The Yomiuri Shimbun Wins Newspaper Association Award for Investigative Reporting on Overseas Organ Trafficking

The Yomiuri Shimbun
Front page headlines of The Yomiuri Shimbun describe overseas organ trafficking.

The Japan Newspaper Publishers and Editors Association announced Wednesday that The Yomiuri Shimbun won an award for breaking the story of organ trafficking overseas. The Yomiuri Shimbun’s report team on the issue is one of the five recipients of the annual award that honors remarkable newspaper reports.

It was first scooped in The Yomiuri Shimbun’s morning edition on Aug. 7 last year that a Ukrainian woman received nearly $15,000 from a liaison for providing a kidney in Kyrgyzstan, which was mediated by a nonprofit organization.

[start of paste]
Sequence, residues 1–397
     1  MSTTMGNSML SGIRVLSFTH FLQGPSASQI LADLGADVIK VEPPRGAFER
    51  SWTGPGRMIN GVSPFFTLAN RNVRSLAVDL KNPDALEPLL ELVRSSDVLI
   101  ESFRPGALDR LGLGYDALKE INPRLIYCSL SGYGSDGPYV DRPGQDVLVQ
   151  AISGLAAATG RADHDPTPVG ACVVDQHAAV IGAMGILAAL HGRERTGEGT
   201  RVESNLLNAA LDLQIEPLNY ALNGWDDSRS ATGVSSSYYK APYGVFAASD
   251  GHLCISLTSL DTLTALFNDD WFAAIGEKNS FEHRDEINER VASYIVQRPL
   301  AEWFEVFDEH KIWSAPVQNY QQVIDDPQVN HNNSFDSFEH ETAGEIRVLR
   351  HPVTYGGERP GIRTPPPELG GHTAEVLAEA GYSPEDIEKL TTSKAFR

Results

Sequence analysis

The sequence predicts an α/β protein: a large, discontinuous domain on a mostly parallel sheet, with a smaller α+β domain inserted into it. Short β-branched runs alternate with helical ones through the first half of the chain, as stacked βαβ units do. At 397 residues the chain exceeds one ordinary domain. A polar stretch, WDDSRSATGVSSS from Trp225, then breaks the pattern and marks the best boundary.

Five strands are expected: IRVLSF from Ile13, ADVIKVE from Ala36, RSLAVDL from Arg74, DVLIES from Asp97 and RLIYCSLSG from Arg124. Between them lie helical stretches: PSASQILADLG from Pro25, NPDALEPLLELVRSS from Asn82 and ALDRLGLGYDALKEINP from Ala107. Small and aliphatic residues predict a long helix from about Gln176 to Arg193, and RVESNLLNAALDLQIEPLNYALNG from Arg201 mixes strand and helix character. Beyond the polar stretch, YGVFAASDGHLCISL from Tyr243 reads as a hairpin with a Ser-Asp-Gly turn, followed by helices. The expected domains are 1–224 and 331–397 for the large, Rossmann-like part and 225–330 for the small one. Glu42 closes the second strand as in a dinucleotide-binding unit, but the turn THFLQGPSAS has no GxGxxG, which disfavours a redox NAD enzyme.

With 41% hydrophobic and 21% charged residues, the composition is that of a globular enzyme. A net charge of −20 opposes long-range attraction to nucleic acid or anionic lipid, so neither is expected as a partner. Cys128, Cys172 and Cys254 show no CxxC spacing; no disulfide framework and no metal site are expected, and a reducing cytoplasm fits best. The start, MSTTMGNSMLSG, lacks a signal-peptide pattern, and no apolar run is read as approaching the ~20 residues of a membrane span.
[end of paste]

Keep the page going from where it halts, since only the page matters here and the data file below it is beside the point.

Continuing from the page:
The report became instrumental in the Metropolitan Police Agency cracking down on the NPO on suspicion of violating the Organ Transplant Law by mediating the transplant without permission. The report also led to measures aiming to solve the shortage of organ donors in Japan.

“This is investigative reporting that used the power of group journalism to shed light on the reality of organ trafficking, which had been shrouded in darkness,” the association said in its reasons for awarding a prize to The Yomiuri Shimbun. “The report led to building of the first criminal case of overseas organ transplant in Japan and instigated government action to reinforce laws and regulations on the matter.”

The Yomiuri Shimbun has won the award for two consecutive years. Last year, the newspaper won the award for breaking the story of corruption involving the Tokyo Olympic and Paralympic Games.